In this week’s address, the President spoke about the work the Administration is doing to enhance trust between communities and law enforcement in the year since the death of Michael Brown in Ferguson.
In his weekly message, Governor Markell highlights efforts across Delaware to strengthen the state’s transportation system.
At Politico, Sen. Claire McCaskill explains “How I Helped Todd Akin Win — So I Could Beat Him Later.” It is an enjoyable read, including the ancedote that she shotgunned a beer after Akin won the GOP primary. I wish there was video of that. However, I have to criticize her this morning because she has recently said that Bernie Sanders is the Democratic Trump. That is not even remotely true, on every possible level, and it is an insult to Bernie Sanders.
It is 2007. Our wonderful Pandora says to family and friends that the Democratic Party’s presidential candidate is a shoe-in to win the Presidency, unless of course that candidate is a black man or a woman. She of course thinks there is a lot of racism and sexism left in the world, and that would prevent either from winning a general election. And of course she was and is right. Where I disagreed with her was that the racists and sexists wouldn’t be voting for the Democrat in the general election anyway, for, after realignment over the last forty years, they were diehard Republicans.
Thus, for me, thinking that race and gender were no longer barriers to winning the Presidency, I firmly believed a Democrat, any Democrat (well except maybe John Edwards) would win the general election. So, I abandoned my traditional pragmatism when it comes to voting.
You see, I usually want to vote for the most progressive candidate that can win.
Because winning is important to me. You don’t get to enact progressive policies to affect progressive change unless you first win an election.
So in evaluating candidates, I follow my heart and mind. But in 2008, I could more follow my heart, because my mind told me any Democrat then running (save John Edwards with Gingrich-style cheating on his cancer stricken wife) could win. And so I went with Barack Obama instead of Hillary Clinton or Joe Biden.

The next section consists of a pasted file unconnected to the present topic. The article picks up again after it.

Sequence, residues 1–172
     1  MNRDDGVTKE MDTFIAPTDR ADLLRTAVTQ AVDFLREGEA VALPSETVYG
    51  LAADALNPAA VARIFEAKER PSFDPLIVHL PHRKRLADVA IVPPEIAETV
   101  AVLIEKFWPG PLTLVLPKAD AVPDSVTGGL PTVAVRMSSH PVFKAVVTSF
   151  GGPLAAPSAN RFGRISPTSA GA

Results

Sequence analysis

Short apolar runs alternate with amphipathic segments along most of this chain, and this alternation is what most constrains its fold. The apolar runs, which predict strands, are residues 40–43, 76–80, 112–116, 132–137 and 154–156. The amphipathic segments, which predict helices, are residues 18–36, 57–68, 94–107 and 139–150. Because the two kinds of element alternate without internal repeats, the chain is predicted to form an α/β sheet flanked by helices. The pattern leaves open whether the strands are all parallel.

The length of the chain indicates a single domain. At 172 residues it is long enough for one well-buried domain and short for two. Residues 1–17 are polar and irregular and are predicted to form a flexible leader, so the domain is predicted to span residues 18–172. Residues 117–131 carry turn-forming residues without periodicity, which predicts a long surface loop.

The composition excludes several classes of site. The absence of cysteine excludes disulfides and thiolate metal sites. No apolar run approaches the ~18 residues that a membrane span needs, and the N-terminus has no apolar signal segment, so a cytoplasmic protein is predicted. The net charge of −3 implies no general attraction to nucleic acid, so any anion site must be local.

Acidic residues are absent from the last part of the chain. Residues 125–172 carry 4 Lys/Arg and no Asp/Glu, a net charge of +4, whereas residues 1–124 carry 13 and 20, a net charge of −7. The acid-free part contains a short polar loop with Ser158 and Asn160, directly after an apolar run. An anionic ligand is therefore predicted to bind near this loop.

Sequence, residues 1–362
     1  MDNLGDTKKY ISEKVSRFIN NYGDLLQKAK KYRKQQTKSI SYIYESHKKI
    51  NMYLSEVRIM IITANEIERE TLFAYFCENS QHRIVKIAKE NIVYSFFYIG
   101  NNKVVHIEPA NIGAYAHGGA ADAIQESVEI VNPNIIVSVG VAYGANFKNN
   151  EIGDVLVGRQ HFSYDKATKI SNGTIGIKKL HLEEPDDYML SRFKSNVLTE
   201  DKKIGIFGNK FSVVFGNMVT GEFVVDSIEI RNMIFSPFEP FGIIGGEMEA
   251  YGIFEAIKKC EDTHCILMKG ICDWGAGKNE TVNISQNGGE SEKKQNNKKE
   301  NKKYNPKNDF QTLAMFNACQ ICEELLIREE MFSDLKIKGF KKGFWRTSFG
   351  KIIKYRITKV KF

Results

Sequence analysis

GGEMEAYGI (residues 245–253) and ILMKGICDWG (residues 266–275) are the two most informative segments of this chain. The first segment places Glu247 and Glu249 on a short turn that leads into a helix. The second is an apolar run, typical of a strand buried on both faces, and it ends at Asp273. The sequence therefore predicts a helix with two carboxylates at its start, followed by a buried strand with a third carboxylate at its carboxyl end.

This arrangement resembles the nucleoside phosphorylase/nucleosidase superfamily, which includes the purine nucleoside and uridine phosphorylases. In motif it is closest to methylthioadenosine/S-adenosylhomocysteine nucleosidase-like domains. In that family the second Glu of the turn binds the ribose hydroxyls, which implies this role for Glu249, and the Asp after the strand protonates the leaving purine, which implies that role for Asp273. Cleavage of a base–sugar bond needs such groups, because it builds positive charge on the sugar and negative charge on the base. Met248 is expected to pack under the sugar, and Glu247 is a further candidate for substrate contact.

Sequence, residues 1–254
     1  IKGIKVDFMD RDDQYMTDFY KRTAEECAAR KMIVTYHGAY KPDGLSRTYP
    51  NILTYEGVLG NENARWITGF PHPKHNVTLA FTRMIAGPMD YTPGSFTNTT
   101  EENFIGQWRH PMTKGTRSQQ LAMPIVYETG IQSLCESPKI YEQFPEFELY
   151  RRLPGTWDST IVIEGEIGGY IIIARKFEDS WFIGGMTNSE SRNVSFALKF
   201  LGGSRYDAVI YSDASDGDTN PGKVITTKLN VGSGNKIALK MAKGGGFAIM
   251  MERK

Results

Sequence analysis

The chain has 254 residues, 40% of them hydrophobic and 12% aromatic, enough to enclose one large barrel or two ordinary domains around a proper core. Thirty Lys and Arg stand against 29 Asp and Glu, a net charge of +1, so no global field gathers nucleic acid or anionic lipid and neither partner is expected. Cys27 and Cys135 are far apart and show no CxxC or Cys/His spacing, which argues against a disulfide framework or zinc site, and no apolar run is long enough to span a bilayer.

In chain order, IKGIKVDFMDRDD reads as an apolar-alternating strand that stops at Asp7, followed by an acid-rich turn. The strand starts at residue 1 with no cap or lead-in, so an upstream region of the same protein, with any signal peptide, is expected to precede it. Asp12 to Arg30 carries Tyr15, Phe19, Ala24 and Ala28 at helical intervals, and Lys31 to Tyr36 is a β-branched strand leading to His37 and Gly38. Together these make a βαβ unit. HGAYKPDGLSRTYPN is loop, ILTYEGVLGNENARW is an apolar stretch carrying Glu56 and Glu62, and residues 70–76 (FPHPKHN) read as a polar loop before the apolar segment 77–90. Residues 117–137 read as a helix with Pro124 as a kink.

But now it is 2015.
Over the years, many black leaders have asked the populists to include specific remedies for our specific ills. We have done this politely and behind closed doors. Often we would hear that their “progressive economic policies” would disproportionately help black folks, so we should be fine with our community’s needs never being addressed by name.
It was infuriating. Sometimes, it seemed some Democratic politicians were happy to publicly name and embrace every part of the Democratic coalition — immigrants rights defenders, womens’ rights advocates, environmentalists and champions of LBGT equality. But not black people.
At least, not explicitly — and certainly not comfortably. We were just supposed to sit there and hope that race-neutral rhetoric and race-neutral proposals might somehow fix our race-specific problems. I starting calling this dubious strategy “trickle-down justice.”
Today’s young activists simply are not having any of it. In case anyone missed the memo after Ferguson, Baltimore and Charleston, here it is: the Obama era of black silence on issues that matter to us is over. And the entire Democratic Party needs to sit up and take notice.
It’s the holdover of the Democratic Party’s fear of being the Democratic Party that took hold in the 70’s after southern racists, who were once Democrats, became Republicans after we passed the Civil Rights Act. We couldn’t publicly acknowledge that African Americans are a constituent of our party and their concerns are our concerns, and thus we have specific policies to address African American problems, because that might piss off Southern or Midwestern whites who once were Democrats. And then when Obama became our party leader and later President, the CW was that it would be unseemly if an African American explicitly used his power and bully pulpit to help his own people.